Programs & Services
- Medicare Enrollment Periods
- Medicare Counseling Appointments
- Medicare Savings Program
- Extra Help for Part D
- Medi-Cal Facts for Seniors
- Frequently Asked Questions
Community Resource Specialists are available between 8 a.m. to 5 p.m. M-F at (408) 350-3200, option 1.
Medicare Savings Programs
What are the Medicare Savings Programs (MSPs)?
There are four different programs. QMB, SLMB and QI are called “buy-in programs” because they pay the Part B premium for people with limited incomes who otherwise might not be able to afford Medicare. QMB can also pay the Part A premium. QDWI pays only the Part A premium but not Part B premium.
They are a type of Medicaid, administered by the state Medi-Cal agency.
How Does One Apply?
- Complete a paper application and submit it to the County Medi-Cal office. HICAP has applications and envelopes.
What are the Criteria for Qualifying?
- Individuals must be eligible for, although not necessarily enrolled in Medicare. It’s possible to apply for Medicare via the Social Security Administration while also applying for the MSP program at the County.
- Asset limits for the MSPs are the same for all four MSPs ($130,000 single, $195,000 married). If monthly withdrawals of principal and interest are being taken, tax-qualified accounts (IRAs, 401Ks, etc.) are not counted as assets although the withdrawals are counted as income.
- Income is gross income before the Part B premium is deducted from their social security check.
- Note: A $20 “disregard” is subtracted from your monthly income (earned or unearned). The QDWI program also has an additional $65 disregard that applies when there is earned income.
- Unlike the non-MAGI Medi-Cal programs, other health insurance such as dental, etc. cannot be used as a deduction. Therefore, in some cases, it may be easier to qualify for a non-MAGI Medi-Cal program which also pays the Part B premium (but not Part A).
Medicare Savings Programs income limits for 2022:
|Qualified Medicare Beneficiary (QMB)||$1,133 single; $1,526 couple|
|Specified Low Income Beneficiary (SLMB)||$1,359 single; $1,831 couple|
|Qualified Individual (QI)||$1,529 single; $2,060 couple|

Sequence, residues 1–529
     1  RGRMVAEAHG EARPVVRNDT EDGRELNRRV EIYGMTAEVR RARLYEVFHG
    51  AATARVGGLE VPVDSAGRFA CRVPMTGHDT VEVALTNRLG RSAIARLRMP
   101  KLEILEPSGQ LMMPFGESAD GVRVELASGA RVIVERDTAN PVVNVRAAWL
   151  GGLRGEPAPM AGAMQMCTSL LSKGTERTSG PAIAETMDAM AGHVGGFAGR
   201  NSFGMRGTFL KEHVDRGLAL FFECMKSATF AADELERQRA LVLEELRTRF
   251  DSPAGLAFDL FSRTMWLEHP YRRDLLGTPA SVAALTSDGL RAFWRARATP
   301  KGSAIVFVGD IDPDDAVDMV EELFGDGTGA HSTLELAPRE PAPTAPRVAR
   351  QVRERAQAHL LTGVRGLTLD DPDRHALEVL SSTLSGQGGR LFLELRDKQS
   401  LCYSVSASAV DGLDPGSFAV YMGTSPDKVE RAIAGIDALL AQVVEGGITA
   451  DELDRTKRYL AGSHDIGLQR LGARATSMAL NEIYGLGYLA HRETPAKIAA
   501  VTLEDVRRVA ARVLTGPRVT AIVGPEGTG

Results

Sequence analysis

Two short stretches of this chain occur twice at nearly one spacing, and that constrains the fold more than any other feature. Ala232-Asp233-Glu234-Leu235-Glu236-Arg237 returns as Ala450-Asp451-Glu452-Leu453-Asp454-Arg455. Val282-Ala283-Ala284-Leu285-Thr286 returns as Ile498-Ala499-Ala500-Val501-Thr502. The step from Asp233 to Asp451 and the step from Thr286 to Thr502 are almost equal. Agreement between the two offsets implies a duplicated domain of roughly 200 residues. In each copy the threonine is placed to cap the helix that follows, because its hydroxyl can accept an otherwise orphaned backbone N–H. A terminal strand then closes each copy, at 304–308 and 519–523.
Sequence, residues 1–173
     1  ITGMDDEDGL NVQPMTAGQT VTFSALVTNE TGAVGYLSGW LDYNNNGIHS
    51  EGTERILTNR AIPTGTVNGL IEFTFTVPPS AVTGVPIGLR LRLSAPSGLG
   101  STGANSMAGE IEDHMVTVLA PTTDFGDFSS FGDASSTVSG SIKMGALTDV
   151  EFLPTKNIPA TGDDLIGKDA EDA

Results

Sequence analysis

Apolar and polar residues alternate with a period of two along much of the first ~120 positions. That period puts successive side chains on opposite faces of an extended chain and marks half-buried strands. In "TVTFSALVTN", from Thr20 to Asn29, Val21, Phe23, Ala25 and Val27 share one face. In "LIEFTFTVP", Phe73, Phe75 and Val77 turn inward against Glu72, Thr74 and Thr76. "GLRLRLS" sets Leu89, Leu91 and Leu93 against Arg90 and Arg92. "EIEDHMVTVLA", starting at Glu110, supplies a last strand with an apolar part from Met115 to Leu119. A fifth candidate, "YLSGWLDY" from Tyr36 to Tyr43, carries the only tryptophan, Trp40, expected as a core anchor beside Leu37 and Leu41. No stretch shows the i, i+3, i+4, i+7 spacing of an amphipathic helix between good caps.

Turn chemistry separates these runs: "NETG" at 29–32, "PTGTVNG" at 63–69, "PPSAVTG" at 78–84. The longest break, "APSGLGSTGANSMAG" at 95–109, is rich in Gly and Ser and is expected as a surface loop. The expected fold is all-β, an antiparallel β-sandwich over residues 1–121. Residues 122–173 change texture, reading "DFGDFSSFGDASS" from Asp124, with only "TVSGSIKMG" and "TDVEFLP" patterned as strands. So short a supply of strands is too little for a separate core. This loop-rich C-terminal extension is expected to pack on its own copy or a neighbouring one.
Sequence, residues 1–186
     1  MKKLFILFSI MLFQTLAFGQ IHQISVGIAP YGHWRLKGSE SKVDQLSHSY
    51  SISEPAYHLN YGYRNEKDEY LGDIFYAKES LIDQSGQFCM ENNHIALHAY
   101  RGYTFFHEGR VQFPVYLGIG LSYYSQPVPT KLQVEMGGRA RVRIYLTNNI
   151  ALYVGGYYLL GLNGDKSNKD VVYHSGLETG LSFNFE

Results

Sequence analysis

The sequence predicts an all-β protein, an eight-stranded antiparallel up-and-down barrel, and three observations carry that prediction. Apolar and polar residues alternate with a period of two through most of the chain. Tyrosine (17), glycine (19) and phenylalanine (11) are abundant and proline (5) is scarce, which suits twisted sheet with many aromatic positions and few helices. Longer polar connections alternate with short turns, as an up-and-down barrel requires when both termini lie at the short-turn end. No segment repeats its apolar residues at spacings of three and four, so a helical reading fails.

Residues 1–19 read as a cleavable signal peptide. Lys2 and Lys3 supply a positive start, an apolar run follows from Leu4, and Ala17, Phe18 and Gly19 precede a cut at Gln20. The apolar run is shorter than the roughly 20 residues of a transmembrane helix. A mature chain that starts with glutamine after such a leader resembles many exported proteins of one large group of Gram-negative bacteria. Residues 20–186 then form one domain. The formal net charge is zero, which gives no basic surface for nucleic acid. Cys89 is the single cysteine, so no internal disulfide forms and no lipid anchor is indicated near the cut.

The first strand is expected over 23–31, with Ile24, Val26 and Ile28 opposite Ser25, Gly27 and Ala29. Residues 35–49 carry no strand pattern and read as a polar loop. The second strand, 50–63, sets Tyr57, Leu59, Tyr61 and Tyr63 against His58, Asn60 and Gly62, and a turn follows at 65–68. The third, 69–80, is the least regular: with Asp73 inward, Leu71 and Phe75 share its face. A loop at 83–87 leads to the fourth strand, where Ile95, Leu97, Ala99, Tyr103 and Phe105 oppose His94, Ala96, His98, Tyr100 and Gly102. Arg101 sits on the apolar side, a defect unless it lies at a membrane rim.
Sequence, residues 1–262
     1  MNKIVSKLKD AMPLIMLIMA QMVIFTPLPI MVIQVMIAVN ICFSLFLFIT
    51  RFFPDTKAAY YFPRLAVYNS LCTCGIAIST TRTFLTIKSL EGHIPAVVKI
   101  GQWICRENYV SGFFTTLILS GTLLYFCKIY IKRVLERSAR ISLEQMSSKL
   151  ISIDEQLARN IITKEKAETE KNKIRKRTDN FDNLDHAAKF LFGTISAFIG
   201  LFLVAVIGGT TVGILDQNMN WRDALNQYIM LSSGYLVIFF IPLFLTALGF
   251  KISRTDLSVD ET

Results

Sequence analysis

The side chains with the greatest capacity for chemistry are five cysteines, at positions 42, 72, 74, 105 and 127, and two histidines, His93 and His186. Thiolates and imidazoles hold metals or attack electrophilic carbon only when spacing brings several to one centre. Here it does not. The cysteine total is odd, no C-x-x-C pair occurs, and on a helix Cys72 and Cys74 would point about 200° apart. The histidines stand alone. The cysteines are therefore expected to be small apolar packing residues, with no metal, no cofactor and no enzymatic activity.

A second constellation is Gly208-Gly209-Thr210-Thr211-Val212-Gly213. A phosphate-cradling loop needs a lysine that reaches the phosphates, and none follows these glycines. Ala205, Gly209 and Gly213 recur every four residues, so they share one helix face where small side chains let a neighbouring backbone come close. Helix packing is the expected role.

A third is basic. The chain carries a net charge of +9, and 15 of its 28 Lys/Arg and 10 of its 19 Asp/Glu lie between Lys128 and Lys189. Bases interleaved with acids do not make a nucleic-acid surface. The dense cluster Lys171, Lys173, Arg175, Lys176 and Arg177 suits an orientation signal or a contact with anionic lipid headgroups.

|Qualified Disabled Working Individual (QDWI)||$4,615 single; $6,274 couple|
What are the Other Benefits?
- All programs automatically provide full Low-Income Subsidies (LIS) for drug costs for the year.
- Recipients can change drug or Medicare Advantage plans quarterly.
Qualified Medicare Beneficiary (QMB)
- This program pays the Part A premium. It also pays the Part B premium and protects one from all Medicare Parts A and B deductibles and copays. Although it is against the law for providers to bill QMB recipients for Medicare deductibles and co-pays, it may be best to use providers who take both Medicare and Medi-Cal.
- Allows immigrants and others with very low incomes who don’t qualify for free Part A to get it at no cost.
- Someone can conditionally apply for Part A contingent upon being approved for QMB.
- Those with Medi-Cal should still apply for QMB if they don’t get free Part A because only QMB, not Medi-Cal, pays the Part A premium.
Specified Low-Income Medicare Beneficiary (SLMB) & Qualifying Individual (QI)
- Only pays Part B premium.
- Does not pay for any other Part B coinsurance or for Part A. QI program allows a slightly higher income
Qualified Disabled Working Individual (QDWI)
- Only pays Part A premium.
- Does not pay for Part B premium or coinsurance.
- Available to people who had Social Security and Medicare benefits because of a disability, but lost them because they returned to work and their earnings exceeded the allowable limit.
Not sure where to begin?
For an appointment, contact our Community Resource Specialists at (408) 350-3200, option 1.
For Medicare-related questions, complete the HICAP Interest Form.
This project was supported by the Administration for Community Living (ACL), U.S. Department of Health and Human Services (HHS) as part of a financial assistance award totaling $97,279 with 100 percent funding by ACL/HHS. The contents are those of the author(s) and do not necessarily represent the official views of, nor an endorsement, by ACL/HHS, or the U.S. Government.